In sum, Blomberg has produced a handy little primer on some of the basic questions that face the reader of the New Testament. There is not much new here for specialists in the field, but this book will be useful for beginning students of the New Testament at both the college and graduate levels. It is also useful as an apologetic tool for anyone who might be interested in evidence concerning the historical claims of the New Testament.


My Mentor John Piper and Romans 12:1-2

John Piper discipled me in my car when I attended Dallas Theological Seminary. I used to listen to his sermons as I would commute to and from work and school. Throughout my career in seminary, the Lord used John Piper to shape my thinking about God and the scriptures more than any single teacher that I ever had. I know of no preacher who combines exegetical, theological, and devotional depth like Dr. Piper. His ministry, which is called “Desiring God,” makes all of his sermons (manuscripts and audio) available for free at

I am teaching on Romans 12:1-2 in a Sunday morning bible study at my church. As is normal for me, I draw on a number of different resources in preparing for my teaching. Five of John Piper’s sermons in particular have been tremendously helpful to me, stimulating not only my mind but also my heart. Therefore, I heartily recommend these sermons to you.

Build Your Life on the Mercies of God – by John Piper
Present Your Bodies as a Living Sacrifice to God – by John Piper
Do Not Be Conformed to This World – by John Piper
The Renewed Mind and How to Have It – by John Piper
What Is the Will of God and How Do We Know It? – by John Piper


My New Favorite Album: “Soul Still Remembers”

Pictured above: The Critics’ CD release concert in Shreveport, LA.

I’ve just posted a review of the the Critics‘ debut CD on the “CD Baby” website (click here). “Soul Still Remembers” really is my new favorite album, and the Critics are my new favorite band.

Musically, “Soul Still Remembers” deserves a place among the all-time greats. I am a fan of bands like Counting Crows, Vertical Horizon, and Train, and this album surpasses them all. A written review cannot do justice to the Critics by way of description. You simply have to buy this album and listen to it for yourself.

To enjoy the album as it was intended, you really have to buy the CD. The songs are not arranged willy-nilly, but actually appear in an intentional sequence. The CD jacket is printed like a book, complete with chapter divisions and endnotes. Each song comprises a chapter (or “canto”) in what is supposed to look like a book of poetry. And the lyrics are indeed poetry.

The lyrics portray the ruminations of an individual who is grappling with the issue of repentance, and each chapter opens up new vistas into the human condition before God. All of this is mixed with a profound understanding of the Word of God and how it describes our plight and salvation. Every time I reread these lyrics, there is a new insight that I hadn’t seen before.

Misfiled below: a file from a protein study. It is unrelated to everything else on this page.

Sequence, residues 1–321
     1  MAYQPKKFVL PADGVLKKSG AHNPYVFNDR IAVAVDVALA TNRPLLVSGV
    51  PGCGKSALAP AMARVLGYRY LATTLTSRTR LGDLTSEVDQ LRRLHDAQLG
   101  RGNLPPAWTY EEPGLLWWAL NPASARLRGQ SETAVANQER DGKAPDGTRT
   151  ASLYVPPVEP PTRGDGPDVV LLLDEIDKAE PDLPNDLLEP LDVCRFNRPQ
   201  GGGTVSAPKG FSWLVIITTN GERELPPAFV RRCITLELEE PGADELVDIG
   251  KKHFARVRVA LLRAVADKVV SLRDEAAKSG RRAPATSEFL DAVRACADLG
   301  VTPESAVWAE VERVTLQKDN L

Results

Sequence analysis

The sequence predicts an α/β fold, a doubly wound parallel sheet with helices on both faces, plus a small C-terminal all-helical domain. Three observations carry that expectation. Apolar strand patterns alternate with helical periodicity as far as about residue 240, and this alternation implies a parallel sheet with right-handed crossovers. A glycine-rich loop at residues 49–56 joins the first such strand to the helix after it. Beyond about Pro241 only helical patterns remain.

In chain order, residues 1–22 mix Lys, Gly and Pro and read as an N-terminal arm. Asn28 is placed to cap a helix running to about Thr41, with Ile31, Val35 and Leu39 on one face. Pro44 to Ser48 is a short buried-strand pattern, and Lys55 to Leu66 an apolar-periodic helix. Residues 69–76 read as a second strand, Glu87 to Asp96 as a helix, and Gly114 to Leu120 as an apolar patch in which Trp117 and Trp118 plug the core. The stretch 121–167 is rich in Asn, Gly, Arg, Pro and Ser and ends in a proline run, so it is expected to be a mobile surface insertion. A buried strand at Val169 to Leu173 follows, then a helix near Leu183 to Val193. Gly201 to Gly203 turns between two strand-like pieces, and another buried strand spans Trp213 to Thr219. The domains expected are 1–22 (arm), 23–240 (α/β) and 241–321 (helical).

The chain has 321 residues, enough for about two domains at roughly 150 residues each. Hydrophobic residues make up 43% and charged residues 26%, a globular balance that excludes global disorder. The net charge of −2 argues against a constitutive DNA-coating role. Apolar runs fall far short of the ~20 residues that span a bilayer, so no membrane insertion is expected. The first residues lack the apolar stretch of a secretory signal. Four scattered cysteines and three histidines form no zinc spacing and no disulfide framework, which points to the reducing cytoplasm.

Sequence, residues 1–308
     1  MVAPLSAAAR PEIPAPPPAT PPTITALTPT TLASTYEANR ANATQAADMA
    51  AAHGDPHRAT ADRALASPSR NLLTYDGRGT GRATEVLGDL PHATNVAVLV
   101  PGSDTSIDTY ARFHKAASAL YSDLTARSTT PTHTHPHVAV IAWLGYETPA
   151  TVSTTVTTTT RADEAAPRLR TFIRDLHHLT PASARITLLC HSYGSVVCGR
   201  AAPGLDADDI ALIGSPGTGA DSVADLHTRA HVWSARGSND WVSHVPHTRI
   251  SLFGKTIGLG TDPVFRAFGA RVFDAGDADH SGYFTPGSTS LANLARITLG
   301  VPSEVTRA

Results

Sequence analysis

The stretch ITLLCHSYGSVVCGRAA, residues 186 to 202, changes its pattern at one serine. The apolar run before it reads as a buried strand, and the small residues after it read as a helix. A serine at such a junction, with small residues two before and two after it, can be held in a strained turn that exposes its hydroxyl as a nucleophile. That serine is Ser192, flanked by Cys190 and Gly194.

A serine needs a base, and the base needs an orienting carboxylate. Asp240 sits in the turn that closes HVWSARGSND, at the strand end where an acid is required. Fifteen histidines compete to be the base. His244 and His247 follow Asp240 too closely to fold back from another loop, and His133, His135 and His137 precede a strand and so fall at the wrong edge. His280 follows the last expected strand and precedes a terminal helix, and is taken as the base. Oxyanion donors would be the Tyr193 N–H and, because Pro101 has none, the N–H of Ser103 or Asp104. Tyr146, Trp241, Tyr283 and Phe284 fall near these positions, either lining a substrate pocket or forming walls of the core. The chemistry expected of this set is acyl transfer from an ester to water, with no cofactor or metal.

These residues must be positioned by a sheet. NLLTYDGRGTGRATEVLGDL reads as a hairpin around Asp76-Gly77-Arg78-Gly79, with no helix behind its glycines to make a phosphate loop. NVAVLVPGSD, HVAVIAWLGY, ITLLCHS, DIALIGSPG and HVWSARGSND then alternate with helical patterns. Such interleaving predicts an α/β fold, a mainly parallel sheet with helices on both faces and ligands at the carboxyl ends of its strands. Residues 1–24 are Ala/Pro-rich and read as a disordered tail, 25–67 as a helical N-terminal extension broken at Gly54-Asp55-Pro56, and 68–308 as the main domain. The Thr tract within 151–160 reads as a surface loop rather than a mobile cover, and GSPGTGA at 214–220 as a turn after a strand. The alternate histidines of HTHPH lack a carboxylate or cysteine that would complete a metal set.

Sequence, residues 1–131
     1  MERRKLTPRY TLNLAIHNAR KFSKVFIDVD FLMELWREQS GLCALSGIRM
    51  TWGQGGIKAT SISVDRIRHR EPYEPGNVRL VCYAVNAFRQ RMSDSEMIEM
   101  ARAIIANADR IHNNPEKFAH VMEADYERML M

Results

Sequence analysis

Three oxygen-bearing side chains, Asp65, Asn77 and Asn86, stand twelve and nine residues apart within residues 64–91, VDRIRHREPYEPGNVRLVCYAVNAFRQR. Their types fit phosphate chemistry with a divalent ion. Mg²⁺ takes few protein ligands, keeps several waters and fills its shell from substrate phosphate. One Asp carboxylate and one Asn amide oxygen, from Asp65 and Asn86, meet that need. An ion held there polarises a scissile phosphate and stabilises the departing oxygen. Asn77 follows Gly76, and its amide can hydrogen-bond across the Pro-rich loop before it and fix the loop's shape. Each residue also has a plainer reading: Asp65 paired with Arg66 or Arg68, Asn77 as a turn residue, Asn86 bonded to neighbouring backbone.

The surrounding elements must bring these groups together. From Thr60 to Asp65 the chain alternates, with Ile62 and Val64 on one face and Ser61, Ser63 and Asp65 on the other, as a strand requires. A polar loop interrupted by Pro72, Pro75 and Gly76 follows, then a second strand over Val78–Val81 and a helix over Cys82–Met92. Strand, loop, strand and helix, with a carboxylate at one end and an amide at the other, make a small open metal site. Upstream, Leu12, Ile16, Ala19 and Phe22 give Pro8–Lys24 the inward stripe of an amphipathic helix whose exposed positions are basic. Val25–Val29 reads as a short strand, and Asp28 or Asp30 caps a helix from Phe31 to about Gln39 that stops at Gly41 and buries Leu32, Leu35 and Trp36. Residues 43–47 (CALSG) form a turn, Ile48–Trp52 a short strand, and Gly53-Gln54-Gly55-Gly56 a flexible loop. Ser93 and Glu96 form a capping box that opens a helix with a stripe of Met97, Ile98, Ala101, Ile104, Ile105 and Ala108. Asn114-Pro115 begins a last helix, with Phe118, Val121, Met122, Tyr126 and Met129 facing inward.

One of my favorite songs of the album is “To Jeremiah,” a poem about the prophet and the Biblical book bearing his name. This song illustrates what is true of the rest of the pieces on the album; the lyrics can stand alone by themselves as poetry. Here’s “To Jeremiah”:

Sing to me, Jeremiah,
of pickled skin and cracked bones,
of wrists rusted by chains
and feet cut by the stony road
where lion and bear wait
to kill your view of faulty Zion,
stripped down from her hill.

Tell me, Jeremiah,
about this town with no King,
where you, pressed face-long to the ground,
taste your teeth broken down
for the least of these.
Women eat salty skin
boiled and baked within them,
in their own hands,
and the prophets lie
and see clever fantasies
to calm the captives.

Let me, Jeremiah,
bear the yoke while I’m young
that I might sit down and shut up
disgraced in my own ashes—
a “harlot-town’s son”—
so I can better know your hope
because, sir, I’ve seen your King.
Oh, Jeremiah sing,
for your King, at last, has come.

A new kingdom has come.

Do not delay. Make haste and add this album to your collection.

(When you visit the CD Baby website, listen to the following songs: “A Floor Below,” “Worse Than I Thought,” and “Soul Still Remembers.”)

Pictured below: Me (left) and the lead singer Myles Roberts (right) after the CD Release concert.


The Demise of Sloan and the Fortunes of “Baylor 2012”

After the Board of Regents fell short by one vote last May to oust the President of Baylor University, opponents of Robert Sloan finally got their way on Friday without firing a shot. It was announced on Friday that Sloan would step down from the position of President and CEO of Baylor and move into the position of Chancellor. Though the public face of the transition appeared very amiable, it is an open secret that this transition was the result of pressure from opposition both within and without the University.

Sloan had become a lightning rod of sorts, advocating a vision for Baylor University that would make it a top-tier academic institution while maintaining a distinct Christian mission and identity. This vision is called “Baylor 2012.” In Sloan’s words, “Baylor University has the opportunity to become the only major university in America, clearly centered in the Protestant traditions, to embrace the full range of academic pursuits.”

In the November 2004 issue of First Things, Richard John Neuhaus expressed precisely what was at stake in this vision:

“The crux of the conflict at Baylor is over the nature of truth, and whether it is possible under evangelical Protestant auspices to build a world-class research university and thus provide a counterforce to the dreary history of the declension of Protestant (and Catholic) higher education from Christian seriousness, a declension powerfully narrated by James Burtchaell’s The Dying of the Light. . . . The cultural and intellectual influence of Christian higher education in this society has a lot riding on the bold, and predictably embattled, experiment underway at Baylor” (First Things, November 2004, pp. 71-72 ).

I fear that the vision of “Baylor 2012” will have a whole different character or be perhaps entirely lost without Sloan at the helm. However, I am reminded by a good friend that the glass may not be half empty, but half full. He writes:

“Don’t forget that the board is pretty well Sloan’s board. The chairman is a member of Prestonwood. Wouldn’t it be ironic if a greater than Sloan was elected President? Also, remember the Provost, who will run the school in the interim, is Dr. David Jeffrey, a Wheaton grad who has hired about half the present faculty, all of whom are conservative evangelical Christians who know how to integrate faith and learning. If this is a movement of God, not just of Sloan, who can stop it?”

I will be hoping and praying that my friend is right.


Powered by WordPress. Designed by Woo Themes